She was instrumental in saving the oldest extant house in Athens. Known as the “Bingham House,” the log home was moved in 1987 to its present location on Richland Avenue, where it houses offices and serves as a visitors’ center. Marj was also a member of the Daughters of the American Revolution.
Marj loved elegance, style, and proper decorum. When the Stones were living in Mexico City, Marj and Ed were invited to a formal reception at the home of the American ambassador. Various international dignitaries and their spouses were also there. Afterward, Ed Stone called his sons together, and informed them that their mother had attracted more attention than any other woman at the gathering and had been the star of the event.
The caregivers who assisted Marj during her final years soon learned the difference between a salad fork and a dinner fork, and to never deploy a tablespoon when a soup spoon was in order.
And yet, as with many complex individuals, Marj’s personality included aspects that seemed paradoxical, if not contradictory.
She was a proud southerner who fell in love with a small university town in rural Ohio. A trained operatic soprano, she loved the Metropolitan Opera broadcasts, especially when James Morris was singing the role of Wotan, but she also enjoyed watching Joe Burrow play football.
She was pleased to have met a number of celebrities from the world of the arts, including novelist William Styron (whom she dated briefly), poet Robert Frost, and historian David McCullough. She also, however, felt honored to have known survivors of the Millfield Mine Disaster.
Also in her personality, there remained wisps of the experience of growing up as a tomboy during the Great Depression with an adored older brother who was an avid outdoorsman and hunter. This aspect of her character led to some surprising incidents while her sons were growing up.
During part of the time that the Stones lived on Avon Place in Athens, the area behind their house was a large vacant field. The property was mowed from time to time, and afterward, children from the neighborhood would scour the field, looking for interesting things the mower might have turned up.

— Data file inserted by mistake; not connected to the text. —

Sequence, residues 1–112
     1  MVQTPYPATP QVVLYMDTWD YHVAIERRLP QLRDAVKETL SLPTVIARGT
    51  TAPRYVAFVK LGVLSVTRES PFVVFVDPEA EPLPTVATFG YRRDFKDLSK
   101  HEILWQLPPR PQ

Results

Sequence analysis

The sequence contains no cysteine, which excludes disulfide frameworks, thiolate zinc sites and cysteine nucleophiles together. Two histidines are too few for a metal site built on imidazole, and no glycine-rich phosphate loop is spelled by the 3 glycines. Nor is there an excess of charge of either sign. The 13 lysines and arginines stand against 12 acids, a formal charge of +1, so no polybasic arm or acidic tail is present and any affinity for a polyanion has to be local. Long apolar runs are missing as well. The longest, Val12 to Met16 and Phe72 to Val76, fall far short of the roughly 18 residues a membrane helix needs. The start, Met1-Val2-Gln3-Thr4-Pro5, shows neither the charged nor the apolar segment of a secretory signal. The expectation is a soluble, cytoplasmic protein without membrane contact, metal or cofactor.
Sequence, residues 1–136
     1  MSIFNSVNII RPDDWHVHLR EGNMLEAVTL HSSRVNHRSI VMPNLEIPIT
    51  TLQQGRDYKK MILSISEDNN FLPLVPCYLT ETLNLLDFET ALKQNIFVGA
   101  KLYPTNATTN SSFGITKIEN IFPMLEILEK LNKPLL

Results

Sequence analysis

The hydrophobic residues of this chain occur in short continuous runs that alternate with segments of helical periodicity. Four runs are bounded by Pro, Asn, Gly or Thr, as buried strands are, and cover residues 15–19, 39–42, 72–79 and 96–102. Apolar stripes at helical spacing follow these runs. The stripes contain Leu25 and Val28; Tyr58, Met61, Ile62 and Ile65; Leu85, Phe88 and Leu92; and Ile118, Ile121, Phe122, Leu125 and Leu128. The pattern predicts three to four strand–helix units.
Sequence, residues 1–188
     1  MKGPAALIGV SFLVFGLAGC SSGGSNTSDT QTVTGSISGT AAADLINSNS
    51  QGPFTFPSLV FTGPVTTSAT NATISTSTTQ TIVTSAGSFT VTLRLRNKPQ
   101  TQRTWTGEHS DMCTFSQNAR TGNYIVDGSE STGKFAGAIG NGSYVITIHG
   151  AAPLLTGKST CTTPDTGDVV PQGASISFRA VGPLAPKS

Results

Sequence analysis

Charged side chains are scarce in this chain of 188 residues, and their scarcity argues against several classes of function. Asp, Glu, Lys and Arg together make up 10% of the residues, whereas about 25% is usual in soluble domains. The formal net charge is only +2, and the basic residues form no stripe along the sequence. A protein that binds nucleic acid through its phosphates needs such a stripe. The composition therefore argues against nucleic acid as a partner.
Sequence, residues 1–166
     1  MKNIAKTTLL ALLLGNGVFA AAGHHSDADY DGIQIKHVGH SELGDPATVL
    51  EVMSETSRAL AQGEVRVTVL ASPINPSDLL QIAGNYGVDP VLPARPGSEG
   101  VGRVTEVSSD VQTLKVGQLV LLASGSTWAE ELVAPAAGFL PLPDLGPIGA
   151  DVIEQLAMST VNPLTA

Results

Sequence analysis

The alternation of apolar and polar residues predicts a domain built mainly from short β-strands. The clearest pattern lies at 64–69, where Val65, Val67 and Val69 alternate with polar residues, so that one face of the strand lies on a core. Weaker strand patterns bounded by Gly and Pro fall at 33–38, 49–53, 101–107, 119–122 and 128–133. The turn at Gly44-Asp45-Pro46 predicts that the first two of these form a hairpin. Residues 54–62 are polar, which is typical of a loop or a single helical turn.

Once, the children found a snake that had been killed by the mowing machine. After establishing that the snake was indeed dead, the children had a problem: what to do with their prize? Finally, one of the boys in the group had a suggestion: “Let’s show it to Mrs. Stone.” The children then took the snake to the Stones’ house, where the elegance-loving Marj happily showed them how to skin it and preserve the hide.
Marj was also a good shot with both rifle and pistol.
In addition to her parents, Marj was preceded in death by husband Edward Stone, and brother Donald H. “Bill” Selvage, Jr.
She is survived by sons Edward S. (Ted) Stone and partner Barbara L. Stout, Glenn D. Stone and wife Priscilla, Rick A. Stone and fiancée Cheri Wischmann, granddaughter Abigail Stone, and grandson Jordan Stone.
Also left to cherish her in memory are her longtime, devoted housekeeper, Barbara Drake, and her many friends.
Members of the family will receive well wishers Thursday, Jan. 19, from 2 p.m. to 3 p.m. and from 7 p.m. to 8 p.m. at the Jagers and Sons Funeral Home in Athens. A funeral for Marj will be held on Saturday, Jan. 21, at the Episcopal Church of the Ascension in Amherst, Virginia. Marjorie Selvage Stone will be interred in the Selvage family cemetery plot in Amherst, Virginia.